Indoor unit Consists of the evaporator and blower in a large sheet metal enclosure. Positioned at the top plenum of the enclosure, you’ll find the “cold coil” evaporator coil. As the warm air passes over the evaporator coils, the refrigerant inside them absorbs the heat, enabling effective cooling and dehumidification. Located at the bottom of the enclosure, you’ll find a furnace and a blower. The furnace ensures that the conditioned air is appropriately heated by burning fuel (such as gas or oil) or using electricity to generate heat. Working in tandem with the furnace, the blower propels the heated air through the ductwork, distributing it evenly throughout the space.

Mechanical Piping Clearance To ensure your HVAC system meets code and prevent any potential hazards or interference you should verify that your mechanical and fire protection piping have sufficient clearance from electrical equipment, such as the evaporator and automation control boxes. You should prioritize safety by installing protective ducts or housings, commonly known as wire ducts or wire channels, made of PVC for the black wires to pass through, minimizing the risk of damage or electrical issues.

Outdoor unit Consists of the compressor, condenser, “warm coil” condenser coil, and fan. In the case of heating, the condenser functions as a heat pump. A heat pump can provide both heating and cooling capabilities. For heating purposes, a furnace can be employed as an alternative option.

Preventative Maintenance (PM) Should be performed on a regular basis to ensure the cleanliness and efficiency of coils. It is generally recommended to have PM performed at least once a year. This involves inspecting and cleaning the coils, checking and replacing air filters, lubricating moving parts, and inspecting electrical connections. By keeping the coils clean and free from debris or buildup, their ability to absorb heat from the indoor air, during a cooling process, before being circulated back to the living space ensures optimal HVAC performance.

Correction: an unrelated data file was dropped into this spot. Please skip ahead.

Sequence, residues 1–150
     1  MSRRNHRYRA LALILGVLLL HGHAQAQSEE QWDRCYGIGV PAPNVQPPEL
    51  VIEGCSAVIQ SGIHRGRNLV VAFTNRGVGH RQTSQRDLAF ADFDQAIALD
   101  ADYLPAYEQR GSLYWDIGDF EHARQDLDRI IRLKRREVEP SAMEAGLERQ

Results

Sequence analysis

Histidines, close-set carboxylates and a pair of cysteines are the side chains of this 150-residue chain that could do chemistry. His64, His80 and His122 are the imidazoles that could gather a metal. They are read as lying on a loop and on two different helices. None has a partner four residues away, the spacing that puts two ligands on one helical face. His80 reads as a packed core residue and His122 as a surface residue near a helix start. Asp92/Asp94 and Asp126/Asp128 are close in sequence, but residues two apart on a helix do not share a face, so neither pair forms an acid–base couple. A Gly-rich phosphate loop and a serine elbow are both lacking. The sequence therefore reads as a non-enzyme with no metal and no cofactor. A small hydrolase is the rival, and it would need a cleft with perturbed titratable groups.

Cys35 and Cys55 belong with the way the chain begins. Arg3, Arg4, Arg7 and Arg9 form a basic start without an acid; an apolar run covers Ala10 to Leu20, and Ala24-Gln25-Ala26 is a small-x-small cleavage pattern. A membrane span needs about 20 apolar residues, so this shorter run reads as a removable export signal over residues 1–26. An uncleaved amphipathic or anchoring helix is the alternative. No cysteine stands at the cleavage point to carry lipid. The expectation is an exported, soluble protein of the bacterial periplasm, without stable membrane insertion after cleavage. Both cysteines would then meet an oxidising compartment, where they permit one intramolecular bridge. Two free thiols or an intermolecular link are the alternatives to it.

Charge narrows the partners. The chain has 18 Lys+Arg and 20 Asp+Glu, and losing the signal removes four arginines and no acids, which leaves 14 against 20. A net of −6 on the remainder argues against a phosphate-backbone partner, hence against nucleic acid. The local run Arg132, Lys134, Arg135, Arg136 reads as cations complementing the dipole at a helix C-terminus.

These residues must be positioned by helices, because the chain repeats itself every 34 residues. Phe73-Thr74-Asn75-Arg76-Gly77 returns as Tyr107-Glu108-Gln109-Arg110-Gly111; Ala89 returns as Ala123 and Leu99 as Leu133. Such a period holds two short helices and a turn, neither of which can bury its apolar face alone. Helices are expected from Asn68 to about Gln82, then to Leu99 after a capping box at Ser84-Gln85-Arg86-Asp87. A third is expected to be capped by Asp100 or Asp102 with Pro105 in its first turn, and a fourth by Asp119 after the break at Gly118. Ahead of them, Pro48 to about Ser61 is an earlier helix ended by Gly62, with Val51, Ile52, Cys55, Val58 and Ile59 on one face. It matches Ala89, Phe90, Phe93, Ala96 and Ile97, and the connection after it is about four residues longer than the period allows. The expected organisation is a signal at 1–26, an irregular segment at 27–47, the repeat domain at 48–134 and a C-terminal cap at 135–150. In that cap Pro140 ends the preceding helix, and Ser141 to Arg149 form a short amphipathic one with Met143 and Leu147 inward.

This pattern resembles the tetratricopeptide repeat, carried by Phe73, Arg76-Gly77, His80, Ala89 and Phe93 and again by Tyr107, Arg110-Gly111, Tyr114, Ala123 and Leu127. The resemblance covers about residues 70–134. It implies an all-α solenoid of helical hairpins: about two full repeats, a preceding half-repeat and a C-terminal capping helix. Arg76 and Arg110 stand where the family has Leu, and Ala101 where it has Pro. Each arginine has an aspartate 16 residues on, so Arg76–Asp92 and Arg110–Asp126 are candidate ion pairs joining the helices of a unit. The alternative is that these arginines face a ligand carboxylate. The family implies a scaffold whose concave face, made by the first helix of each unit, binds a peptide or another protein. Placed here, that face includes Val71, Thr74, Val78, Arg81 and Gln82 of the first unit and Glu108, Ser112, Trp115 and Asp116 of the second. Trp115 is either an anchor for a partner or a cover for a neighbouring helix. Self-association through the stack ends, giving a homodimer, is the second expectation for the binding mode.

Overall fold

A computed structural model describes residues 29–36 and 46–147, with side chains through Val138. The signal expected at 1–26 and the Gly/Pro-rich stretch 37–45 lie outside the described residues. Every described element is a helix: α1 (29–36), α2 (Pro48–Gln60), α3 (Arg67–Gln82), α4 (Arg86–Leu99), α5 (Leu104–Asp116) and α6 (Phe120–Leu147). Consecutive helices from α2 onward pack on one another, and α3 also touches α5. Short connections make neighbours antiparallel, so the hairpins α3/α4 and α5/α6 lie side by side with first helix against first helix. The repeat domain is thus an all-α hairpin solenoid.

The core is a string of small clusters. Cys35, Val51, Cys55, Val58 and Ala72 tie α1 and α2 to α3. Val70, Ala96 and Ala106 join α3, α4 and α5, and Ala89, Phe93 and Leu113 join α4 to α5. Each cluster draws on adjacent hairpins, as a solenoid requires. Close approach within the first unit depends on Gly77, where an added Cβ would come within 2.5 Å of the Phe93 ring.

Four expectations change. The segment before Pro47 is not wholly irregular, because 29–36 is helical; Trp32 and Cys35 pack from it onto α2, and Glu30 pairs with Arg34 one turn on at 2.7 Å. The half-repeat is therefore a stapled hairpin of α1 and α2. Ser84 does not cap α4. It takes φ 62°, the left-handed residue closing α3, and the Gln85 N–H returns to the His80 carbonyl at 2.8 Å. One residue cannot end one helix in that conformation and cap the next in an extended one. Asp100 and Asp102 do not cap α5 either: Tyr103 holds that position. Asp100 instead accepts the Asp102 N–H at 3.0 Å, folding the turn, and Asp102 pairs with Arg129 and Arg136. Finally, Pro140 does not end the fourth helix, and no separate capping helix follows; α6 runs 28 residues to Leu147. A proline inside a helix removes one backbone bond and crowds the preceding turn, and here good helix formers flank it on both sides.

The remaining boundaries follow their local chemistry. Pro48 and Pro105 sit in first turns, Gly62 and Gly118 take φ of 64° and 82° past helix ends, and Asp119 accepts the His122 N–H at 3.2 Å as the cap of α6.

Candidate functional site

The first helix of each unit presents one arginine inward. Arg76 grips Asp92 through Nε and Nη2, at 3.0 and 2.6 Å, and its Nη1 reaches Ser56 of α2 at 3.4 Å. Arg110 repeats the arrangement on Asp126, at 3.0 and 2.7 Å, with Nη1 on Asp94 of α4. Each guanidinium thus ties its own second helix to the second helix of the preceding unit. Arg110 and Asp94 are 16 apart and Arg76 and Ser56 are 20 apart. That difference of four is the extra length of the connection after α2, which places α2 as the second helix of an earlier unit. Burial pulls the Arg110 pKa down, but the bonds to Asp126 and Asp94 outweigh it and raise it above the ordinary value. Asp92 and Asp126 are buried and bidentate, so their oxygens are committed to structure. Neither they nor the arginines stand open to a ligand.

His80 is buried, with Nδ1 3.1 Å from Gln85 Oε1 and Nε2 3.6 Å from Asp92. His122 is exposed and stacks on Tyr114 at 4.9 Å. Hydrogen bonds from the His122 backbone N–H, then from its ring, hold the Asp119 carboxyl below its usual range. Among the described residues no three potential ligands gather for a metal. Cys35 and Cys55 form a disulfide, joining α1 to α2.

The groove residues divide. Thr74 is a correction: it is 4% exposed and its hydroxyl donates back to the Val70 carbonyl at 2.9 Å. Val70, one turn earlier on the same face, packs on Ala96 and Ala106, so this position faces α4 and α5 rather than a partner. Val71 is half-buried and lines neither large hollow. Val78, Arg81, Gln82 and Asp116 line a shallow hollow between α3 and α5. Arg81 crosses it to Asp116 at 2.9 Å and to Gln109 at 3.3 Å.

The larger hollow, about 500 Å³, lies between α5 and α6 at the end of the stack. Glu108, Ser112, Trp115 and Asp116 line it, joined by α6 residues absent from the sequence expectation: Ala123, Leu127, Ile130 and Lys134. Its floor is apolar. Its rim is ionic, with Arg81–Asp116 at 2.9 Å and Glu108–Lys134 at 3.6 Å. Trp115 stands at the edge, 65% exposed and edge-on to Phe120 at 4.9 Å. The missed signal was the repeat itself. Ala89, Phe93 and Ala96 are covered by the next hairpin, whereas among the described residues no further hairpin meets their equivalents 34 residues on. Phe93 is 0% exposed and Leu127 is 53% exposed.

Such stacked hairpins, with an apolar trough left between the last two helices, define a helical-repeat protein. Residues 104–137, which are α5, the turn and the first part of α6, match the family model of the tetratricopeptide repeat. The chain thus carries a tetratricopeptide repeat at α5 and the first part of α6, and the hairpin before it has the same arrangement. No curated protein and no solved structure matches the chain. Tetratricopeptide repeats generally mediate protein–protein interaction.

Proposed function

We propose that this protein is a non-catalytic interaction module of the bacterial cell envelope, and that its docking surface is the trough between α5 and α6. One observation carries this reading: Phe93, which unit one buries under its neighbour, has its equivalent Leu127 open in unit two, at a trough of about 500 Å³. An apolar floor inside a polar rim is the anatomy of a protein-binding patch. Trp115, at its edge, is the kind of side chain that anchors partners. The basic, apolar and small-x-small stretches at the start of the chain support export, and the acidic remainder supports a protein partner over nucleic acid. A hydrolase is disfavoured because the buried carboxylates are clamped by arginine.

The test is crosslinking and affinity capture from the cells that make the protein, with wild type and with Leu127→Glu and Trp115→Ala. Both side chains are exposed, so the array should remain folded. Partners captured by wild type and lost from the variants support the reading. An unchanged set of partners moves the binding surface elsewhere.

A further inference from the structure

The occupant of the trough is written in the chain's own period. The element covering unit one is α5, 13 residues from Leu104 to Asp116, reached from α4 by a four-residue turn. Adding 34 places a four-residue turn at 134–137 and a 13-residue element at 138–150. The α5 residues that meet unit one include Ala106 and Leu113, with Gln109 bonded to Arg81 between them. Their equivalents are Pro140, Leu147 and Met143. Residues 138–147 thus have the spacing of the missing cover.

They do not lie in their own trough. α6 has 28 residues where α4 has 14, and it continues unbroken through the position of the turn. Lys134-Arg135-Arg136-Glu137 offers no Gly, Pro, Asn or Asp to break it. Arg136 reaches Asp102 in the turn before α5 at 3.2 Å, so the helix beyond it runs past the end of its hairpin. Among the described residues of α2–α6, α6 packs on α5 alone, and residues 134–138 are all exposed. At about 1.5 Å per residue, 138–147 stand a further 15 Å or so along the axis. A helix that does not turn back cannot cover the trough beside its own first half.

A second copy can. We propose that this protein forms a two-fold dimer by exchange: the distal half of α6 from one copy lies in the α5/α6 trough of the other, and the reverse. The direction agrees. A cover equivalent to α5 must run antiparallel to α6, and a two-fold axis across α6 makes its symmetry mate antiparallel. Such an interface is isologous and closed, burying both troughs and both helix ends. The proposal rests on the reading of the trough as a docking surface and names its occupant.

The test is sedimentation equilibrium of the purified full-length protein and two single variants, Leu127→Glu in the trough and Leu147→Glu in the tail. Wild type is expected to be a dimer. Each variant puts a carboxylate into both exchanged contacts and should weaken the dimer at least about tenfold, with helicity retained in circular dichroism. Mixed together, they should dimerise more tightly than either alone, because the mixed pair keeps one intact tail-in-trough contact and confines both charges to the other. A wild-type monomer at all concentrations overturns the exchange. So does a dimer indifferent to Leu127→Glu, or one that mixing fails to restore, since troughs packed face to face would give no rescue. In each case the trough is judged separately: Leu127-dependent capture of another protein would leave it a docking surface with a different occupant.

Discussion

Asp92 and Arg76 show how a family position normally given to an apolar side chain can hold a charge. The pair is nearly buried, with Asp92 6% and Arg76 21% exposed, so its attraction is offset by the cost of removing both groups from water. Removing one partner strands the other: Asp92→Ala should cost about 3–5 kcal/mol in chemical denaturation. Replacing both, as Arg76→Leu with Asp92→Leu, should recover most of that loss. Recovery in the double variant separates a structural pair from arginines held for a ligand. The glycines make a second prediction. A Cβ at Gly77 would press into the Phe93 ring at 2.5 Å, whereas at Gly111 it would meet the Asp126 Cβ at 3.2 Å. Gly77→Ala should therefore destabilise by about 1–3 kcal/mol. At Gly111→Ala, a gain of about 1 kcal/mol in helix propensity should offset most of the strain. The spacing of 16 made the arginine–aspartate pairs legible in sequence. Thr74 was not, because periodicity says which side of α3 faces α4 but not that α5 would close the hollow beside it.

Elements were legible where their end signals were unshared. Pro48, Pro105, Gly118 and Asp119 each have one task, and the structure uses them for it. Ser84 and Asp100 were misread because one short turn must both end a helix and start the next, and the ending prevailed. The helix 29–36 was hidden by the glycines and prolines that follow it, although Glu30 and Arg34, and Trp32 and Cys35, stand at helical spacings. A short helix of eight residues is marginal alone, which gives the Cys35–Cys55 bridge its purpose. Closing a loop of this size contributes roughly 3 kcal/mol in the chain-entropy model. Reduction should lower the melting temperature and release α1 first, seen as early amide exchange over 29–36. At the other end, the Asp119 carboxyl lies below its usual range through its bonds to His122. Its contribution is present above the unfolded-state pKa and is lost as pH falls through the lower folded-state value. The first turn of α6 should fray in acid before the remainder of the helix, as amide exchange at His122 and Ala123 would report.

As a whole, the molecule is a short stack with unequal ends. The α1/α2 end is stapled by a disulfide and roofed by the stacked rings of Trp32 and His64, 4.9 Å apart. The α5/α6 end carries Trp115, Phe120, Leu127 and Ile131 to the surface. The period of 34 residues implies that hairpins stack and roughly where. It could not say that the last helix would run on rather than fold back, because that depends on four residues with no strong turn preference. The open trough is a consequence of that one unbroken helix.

Rooftop Units (RTUs) RTUs, as the name suggests, are installed on the roof of a building. These self-contained units house all the necessary components, including the compressor, condenser coils, evaporator coils, fans, and controls, in a single enclosure. They draw in fresh air from outside, condition it through the cooling or heating process, and distribute it directly into the building’s interior.

Zone A zone refers to a specific area or section within a building that is served by its own HVAC system. For optimal temperature control in a two-story home, it is recommended to have two separate AC units—one for each level. This allows you to achieve the best level of comfort and maintain consistent temperatures on both floors. Since the second level tends to experience higher temperatures than the first level, having a dedicated AC unit for each level ensures efficient cooling throughout the entire home.